Monday, June 25, 2007
A friend of mine recently dashed off a quick email asking for my thoughts on Austrian composer Anton Webern. I told him I need to a few days to collect my thoughts and I would get back to him as soon as possible.
It's at least a month later, and I've been mulling over what to say. It's not that I've been trying to come up with something profound to say about the man's work. In fact, my thoughts on Webern are pretty much the same ones I've held since my early teens, but I've always hesitated in expressing my views because I never saw similar assertions in existing commentary. Funny how age makes you care less and less about how fashionable your thoughts and feelings might be, isn't it?
Anyway, here it is: Webern's legacy has little to do with his serial structure, pointillistic textures or his dramatic use of silence. Webern simply invested the whole of his creative life in, if you'll allow me to borrow from the world of literary criticism, the lyric rather than the epic.
Perhaps he felt Mahler could not be outdone in the building of epic structures, and perhaps it is because the constituent parts of such large structures became in themselves almost complete, that Webern felt that they could exist on their own, untethered from a supporting dramatic edifice to hold the up. If the 19th century was concerned with the whole human body, the discovery of the nucleus of a cell was enough to capture imagination for the totality of his compositional output. Yes, there were miniatures by composers of preceding generations, but these rarely let go of the epic thrust which informs much of Western music, in fact, it may be the single most defining characteristic of that genre, and why composers such as Cage, Feldman and Takemitsu were so taken with his work. Interestingly, Webern's rediscovery in Europe after the war was followed by a generation of composers who sought to create works of an epic nature from Webern's example. I suppose traditions die very, very hard. Thank God for amnesia. =)
Tuesday, June 12, 2007
Opening my email this morning, I found the above picture sent along with a discussion about the new lights on the CN back in Toronto. It may be a sign of age, but these colo(u)red lights look tacky to me, and while the night sky may be a reflection of the city's after-hours activities, it's no real replacement for the energy, drive and passion of the people living there. And perhaps showing my age again, I don't know why these public works have to be modeled on the Wal-Mart school of design. At least it should be cool, right? Oh Toronto, will you ever win?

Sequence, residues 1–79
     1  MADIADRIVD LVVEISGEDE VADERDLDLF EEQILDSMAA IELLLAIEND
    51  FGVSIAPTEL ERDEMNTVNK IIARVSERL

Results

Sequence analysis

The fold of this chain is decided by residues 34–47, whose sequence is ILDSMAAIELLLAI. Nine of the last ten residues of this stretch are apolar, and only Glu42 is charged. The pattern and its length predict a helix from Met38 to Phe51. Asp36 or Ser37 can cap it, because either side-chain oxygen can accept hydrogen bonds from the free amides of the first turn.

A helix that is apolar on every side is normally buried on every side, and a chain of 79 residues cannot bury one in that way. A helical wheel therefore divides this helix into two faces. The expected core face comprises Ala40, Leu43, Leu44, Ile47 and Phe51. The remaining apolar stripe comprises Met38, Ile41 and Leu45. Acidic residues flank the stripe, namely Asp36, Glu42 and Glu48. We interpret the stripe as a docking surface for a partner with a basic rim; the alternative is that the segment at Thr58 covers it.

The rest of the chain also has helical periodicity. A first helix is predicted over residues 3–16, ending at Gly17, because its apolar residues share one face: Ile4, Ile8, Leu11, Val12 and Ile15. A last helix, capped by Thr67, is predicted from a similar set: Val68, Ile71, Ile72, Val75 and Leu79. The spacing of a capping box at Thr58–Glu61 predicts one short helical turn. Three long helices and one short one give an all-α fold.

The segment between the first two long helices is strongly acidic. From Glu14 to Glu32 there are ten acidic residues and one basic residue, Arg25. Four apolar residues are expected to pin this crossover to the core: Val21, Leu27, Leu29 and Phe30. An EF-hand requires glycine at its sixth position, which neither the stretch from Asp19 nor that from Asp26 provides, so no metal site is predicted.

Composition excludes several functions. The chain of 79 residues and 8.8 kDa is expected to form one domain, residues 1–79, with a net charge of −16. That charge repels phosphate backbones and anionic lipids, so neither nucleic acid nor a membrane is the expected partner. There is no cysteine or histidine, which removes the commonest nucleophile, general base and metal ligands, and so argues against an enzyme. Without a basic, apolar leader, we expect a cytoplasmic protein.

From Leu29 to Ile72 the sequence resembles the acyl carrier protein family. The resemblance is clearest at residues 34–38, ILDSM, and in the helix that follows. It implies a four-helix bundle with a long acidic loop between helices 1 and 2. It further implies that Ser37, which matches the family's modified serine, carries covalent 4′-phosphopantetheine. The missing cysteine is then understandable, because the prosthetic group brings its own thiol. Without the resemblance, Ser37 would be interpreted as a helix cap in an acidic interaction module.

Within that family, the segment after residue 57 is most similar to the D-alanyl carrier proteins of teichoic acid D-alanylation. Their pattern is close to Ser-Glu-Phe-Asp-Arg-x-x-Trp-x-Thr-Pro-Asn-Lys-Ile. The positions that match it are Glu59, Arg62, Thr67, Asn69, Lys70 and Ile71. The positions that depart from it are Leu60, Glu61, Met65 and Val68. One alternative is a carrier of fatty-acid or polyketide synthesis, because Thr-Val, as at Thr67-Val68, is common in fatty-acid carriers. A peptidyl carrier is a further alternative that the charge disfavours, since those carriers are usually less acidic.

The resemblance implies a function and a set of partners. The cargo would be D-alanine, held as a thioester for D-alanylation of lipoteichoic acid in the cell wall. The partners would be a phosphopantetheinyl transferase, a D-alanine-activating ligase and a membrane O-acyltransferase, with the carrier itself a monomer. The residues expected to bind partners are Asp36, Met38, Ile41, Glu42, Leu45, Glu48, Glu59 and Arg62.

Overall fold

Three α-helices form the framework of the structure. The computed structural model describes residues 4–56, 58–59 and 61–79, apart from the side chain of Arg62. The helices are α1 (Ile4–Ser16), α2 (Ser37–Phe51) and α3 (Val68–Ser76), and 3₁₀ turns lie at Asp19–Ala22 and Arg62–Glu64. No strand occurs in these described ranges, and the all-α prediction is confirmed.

Friday, June 8, 2007
Years ago, I remember watching City Limits and seeing True Men Don't Kill Coyotes and thinking, "Who the Hell are these dudes?" But as the years passes, like most folks of my age (35+) the Peppers became a band to watch. Mixing funk and guitar rock was still a novel thing back then, and how could you hate them for making Stevie Wonder's Higher Ground a hit again.
Years later I remember seeing a commercial in Toronto that had a black screen accompanied by a rock song, slowly fading up. I remember jumping up on the couch and thinking, "This is amazing! Who the Hell are these guys!?" And the words flashed across the screen "Red Hot Chili Peppers New Album" and then a date. For some unknown reason, I never got the CD or knew the name of the track. And finally after some very coincidental events, I'm now here watching this video, and realizing that the Chili Peppers were one of the greatest bands of their generation, and I'm seriously bummed I wasn't a bigger fan back then.
The chorus captures some of the trepidation and excitement of meeting your friends at a rock concert, before cellphones and tv reviews let you know exactly how the night was going to unfold. This was all a secret business, especially if the band wasn't mainstream. No one knew the band, no one knew the songs. Only you and your friends were cool enough to find the truth in such out of the way places. The video can be summed up in 4 words: Flea to the RESCUE!!